Proof 7: Pyramid and cone volume

The Cheops pyramid in Egypt is constructed of many equally thick layers of box-shaped stones (more or less). Imagine more and more such layers being thinner and thinner, and you eventually get a smooth and close to perfect pyramid. So, the number of layers n must be a very large number before we can think of it as a pyramid.

A pyramid’s volume consists of each of the n prism-shaped layers’ volume:

V_\text{pyramid}&=\underbrace{V_1+V_2+\cdots+V_{n_1}+V_n}_{n \text{ terms}}\\
~&=\underbrace{A_1h_\text{layer}+A_2 h_\text{layer} +\cdots+A_{n_1} h_\text{layer} +A_n h_\text{layer} }_{n \text{ terms}}\qquad\leftarrow \text{Prism volume, } V=A h_\text{layer} \\ 
~&=\underbrace{\left(A_1+A_2 +\cdots+A_{n_1} +A_n \right) }_{n \text{ terms}} h_\text{layer} \\  
~&=\underbrace{\left(A_1+A_2 +\cdots+A_{n_1} +A_n \right) }_{n \text{ terms}} \frac 1n h \qquad \leftarrow  \text{ Each layer is a bit of the full height, } h_\text{layer} =\frac 1n h   

The n layers’ heights all-together make up the pyramid height h. Each is an n’th of this full height, so h_\text{layer} =\frac 1n h.

All lengths become smaller with one n’th at a time up through the layers. Lengths in the second-bottommost layer (which has number n-1) are then missing one n’th, so there are 1-\frac 1n=\frac{n-1}n left, those in the third layer from the bottom, layer no. n-2, are missing two n’ths \frac 2n and only have \frac{n-2}n left etc. Areas consist of some lengths times some lengths times, and with all such lengths reducing by an n’th in each step, the areas reduce by one n’th times one n’th:

A_{n-1}=\frac{n-1}n \frac{n-1}n A_\text{base}= \left(\frac{n-1}n\right)^2 A_\text{base}= \frac{(n-1)^2}{n^2} A_\text{base} \\
A_{n-2}=\frac{n-2}n \frac{n-2}n A_\text{base}= \left(\frac{n-2}n\right)^2 A_\text{base}= \frac{(n-2)^2}{n^2} A_\text{base} \\
A_2=\frac2n \frac2n A_\text{base}= \left(\frac2n\right)^2 A_\text{base}= \frac{2^2}{n^2} A_\text{base} \\ 
A_1=\frac1n \frac1n A_\text{base}= \left(\frac1n\right)^2 A_\text{base}= \frac{1^2}{n^2} A_\text{base}

And A_n can of course be written as A_n=\frac{n^2}{n^2} A_\text{base} to stay in pattern (dividing a number by itself gives 1; and it makes no difference to multiply with 1). Let’s put all these areas in:

V_\text{pyramid}&=\underbrace{\left(A_1+A_2 +\cdots+A_{n_1} +A_n \right) }_{n \text{ terms}} \frac 1n h\\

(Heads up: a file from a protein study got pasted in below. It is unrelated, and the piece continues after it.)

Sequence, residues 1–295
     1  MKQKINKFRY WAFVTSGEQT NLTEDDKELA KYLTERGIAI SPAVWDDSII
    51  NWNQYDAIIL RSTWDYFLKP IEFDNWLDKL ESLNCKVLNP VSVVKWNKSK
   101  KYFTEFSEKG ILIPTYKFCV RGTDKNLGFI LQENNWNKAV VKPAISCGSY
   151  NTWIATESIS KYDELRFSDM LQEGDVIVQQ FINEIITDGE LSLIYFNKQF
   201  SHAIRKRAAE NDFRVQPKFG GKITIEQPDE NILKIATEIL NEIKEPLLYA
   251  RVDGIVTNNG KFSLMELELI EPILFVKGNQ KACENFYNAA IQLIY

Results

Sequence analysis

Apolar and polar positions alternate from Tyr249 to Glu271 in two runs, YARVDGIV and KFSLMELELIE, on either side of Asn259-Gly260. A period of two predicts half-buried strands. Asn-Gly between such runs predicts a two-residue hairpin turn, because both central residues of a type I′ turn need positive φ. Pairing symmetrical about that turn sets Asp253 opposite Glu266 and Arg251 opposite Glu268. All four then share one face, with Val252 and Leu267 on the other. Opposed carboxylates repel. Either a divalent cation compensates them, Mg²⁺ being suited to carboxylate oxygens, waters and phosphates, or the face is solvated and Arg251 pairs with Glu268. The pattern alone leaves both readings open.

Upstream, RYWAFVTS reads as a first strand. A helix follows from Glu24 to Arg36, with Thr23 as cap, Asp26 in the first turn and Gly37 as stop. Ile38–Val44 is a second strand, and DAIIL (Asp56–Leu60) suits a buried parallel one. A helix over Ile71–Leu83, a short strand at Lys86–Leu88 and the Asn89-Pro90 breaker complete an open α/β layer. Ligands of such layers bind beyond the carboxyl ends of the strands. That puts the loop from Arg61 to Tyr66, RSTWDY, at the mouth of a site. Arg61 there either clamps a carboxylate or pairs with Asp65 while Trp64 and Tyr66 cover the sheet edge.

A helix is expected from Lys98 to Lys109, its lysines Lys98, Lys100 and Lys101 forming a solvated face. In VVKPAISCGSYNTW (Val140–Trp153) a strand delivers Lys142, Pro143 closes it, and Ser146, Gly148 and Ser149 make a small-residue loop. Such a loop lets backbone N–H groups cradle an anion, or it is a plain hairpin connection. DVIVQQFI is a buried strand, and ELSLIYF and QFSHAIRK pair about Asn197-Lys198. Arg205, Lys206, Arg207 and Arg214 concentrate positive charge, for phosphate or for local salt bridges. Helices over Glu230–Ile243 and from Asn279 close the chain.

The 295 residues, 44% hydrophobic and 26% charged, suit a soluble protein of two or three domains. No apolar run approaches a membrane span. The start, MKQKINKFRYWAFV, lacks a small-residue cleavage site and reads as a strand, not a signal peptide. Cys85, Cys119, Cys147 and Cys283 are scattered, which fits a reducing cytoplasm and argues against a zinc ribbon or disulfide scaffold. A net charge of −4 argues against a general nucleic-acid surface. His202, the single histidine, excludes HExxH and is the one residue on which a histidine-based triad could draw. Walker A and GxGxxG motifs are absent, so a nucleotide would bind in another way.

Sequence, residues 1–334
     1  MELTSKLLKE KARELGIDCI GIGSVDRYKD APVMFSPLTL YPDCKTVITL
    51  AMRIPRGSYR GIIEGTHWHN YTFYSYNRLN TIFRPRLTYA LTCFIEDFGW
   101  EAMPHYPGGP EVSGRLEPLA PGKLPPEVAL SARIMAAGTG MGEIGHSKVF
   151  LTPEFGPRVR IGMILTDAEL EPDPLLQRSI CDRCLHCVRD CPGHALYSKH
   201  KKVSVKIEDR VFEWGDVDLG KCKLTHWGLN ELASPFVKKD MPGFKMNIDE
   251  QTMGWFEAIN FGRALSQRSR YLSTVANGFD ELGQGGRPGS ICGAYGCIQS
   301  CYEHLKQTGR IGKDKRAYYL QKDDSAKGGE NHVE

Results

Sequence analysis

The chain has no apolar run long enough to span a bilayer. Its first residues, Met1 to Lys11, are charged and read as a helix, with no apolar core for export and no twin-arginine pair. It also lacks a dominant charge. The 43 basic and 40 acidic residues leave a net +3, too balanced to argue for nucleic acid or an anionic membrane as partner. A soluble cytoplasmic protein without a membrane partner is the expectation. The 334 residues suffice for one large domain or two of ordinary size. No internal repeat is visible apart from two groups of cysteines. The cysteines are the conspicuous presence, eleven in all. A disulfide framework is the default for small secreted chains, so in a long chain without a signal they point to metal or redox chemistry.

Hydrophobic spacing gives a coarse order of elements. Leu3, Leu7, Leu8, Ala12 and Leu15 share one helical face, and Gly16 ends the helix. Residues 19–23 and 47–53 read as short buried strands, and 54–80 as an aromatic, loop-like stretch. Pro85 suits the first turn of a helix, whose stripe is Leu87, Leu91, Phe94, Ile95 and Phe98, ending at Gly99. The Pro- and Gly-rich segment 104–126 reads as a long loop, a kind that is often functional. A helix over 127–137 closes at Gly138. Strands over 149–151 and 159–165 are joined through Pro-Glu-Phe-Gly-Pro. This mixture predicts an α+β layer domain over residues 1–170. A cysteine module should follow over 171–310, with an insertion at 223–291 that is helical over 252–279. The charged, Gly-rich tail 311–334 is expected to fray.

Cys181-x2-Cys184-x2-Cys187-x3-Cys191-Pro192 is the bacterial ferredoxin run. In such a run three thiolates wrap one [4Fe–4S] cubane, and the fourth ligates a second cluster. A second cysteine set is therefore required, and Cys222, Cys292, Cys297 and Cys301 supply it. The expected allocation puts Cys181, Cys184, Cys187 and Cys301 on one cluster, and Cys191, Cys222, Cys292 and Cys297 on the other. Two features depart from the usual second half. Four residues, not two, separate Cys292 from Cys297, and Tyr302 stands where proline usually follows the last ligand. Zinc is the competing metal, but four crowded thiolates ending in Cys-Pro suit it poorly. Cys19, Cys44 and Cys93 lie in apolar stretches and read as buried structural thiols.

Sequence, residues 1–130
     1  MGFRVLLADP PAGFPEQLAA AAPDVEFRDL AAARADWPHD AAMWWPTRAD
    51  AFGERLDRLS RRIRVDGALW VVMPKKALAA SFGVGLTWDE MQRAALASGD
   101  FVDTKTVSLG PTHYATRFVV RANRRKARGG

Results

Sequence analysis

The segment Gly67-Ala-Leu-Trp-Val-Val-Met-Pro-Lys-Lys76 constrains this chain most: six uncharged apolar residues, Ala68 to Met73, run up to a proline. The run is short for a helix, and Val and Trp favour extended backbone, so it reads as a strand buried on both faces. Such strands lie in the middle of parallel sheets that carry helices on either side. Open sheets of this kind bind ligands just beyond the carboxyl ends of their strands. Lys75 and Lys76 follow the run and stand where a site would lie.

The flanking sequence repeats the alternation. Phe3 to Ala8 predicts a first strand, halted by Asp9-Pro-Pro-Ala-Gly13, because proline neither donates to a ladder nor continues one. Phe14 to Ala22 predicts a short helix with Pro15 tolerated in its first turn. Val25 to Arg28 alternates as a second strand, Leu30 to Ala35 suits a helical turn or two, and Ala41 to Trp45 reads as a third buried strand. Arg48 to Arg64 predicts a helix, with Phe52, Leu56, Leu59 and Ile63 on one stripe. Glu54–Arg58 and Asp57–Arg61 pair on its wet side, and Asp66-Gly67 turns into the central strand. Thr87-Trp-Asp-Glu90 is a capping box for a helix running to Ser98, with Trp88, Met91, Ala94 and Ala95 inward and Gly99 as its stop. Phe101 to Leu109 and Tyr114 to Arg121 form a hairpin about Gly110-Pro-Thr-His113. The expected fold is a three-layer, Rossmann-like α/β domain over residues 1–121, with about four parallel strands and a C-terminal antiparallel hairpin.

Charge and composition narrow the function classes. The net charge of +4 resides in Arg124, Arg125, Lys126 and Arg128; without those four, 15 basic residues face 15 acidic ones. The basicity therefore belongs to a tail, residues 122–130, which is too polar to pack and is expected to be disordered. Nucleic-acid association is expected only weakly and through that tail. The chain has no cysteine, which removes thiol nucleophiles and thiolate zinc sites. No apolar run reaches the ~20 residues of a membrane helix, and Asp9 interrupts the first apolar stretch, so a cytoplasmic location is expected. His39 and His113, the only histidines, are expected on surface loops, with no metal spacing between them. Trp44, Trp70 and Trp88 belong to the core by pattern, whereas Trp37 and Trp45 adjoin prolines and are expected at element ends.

~ &=\underbrace{\left( \frac{1^2}{n^2} A_\text{base} + \frac{2^2}{n^2} A_\text{base}  +\cdots+ \frac{(n-1)^2}{n^2} A_\text{base}  + \frac{n^2}{n^2} A_\text{base}  \right) }_{n \text{ terms}} \frac 1n h\\ 
~ &=\underbrace{\left( \frac{1^2}{n^2} + \frac{2^2}{n^2} +\cdots+ \frac{(n-1)^2}{n^2} + \frac{n^2}{n^2} \right) }_{n \text{ terms}} \frac 1n h  \,A_\text{base} \\  
~ &=\underbrace{\left( 1^2 +2^2 +\cdots+ (n-1)^2 + n^2 \right) }_{n \text{ terms}} \frac 1{n^3} h  \,A_\text{base}

From here we need a math trick. We can’t continue with this confusingly long row of terms (so long that we can’t write them all out but only can indicate them with the dots \cdots). Luckily a mathematician has proven that a sum of many squared numbers in a row actually has a formula:


This formula is called The sum of squares (see Proof 8). It may not be pretty but at least we can see all terms involved so we can calculate them. We plug it in instead of the long row:

V_\text{pyramid}&= \underbrace{\frac16n(n+1)(2n+1)}_{\text{row of }n\text{ terms replaced}}  \frac 1{n^3} h  \,A_\text{base} \\ 
~ &= \frac16(n+1)(2n+1)  \frac 1{n^2} h  \,A_\text{base} \\ 
~ &= \frac16(2n^2+n+2n+1^2)  \frac 1{n^2} h  \,A_\text{base} \\ 
~ &= \frac16(2n^2+3n+1)  \frac 1{n^2} h  \,A_\text{base} \\  
~ &= \frac16\left(2+\frac3n+\frac1{n^2}\right) h  \,A_\text{base} \\   
~ &= \left(\frac13+\frac1{2n}+\frac1{6n^2}\right) h  \,A_\text{base}

The more layers in the pyramid, the more perfect it becomes. We increase n to be enormous – almost infinitely large, n\to \infty. When n becomes enormous, the denominators in the fractions \frac1{2n} and \frac1{6n^2} become enormous, which makes the fractions insignificantly small. When n is enormous it thus corresponds to these fractions completely disappearing, \frac1{2n}\to 0 and \frac1{6n^2}\to 0:

V_\text{pyramid}= \left(\frac13+\frac1{2n}+\frac1{6n^2}\right) h  \,A_\text{base}\to \left(\frac13+0+0\right) h  \,A_\text{base}\quad \text{when }n\to\infty

And finally, the result is a simple formula:

V_\text{pyramid}=\frac13 hA_\text{base}\quad_\blacksquare

The shape of the base didn’t matter along the way, so this formula counts for any shape, any number of edges – also for a round base, in other words for a cone:

V_\text{cone}=\frac13 h\underbrace{A_\text{base}}_\text{circle}=\frac13\pi r^2 h\quad_\blacksquare

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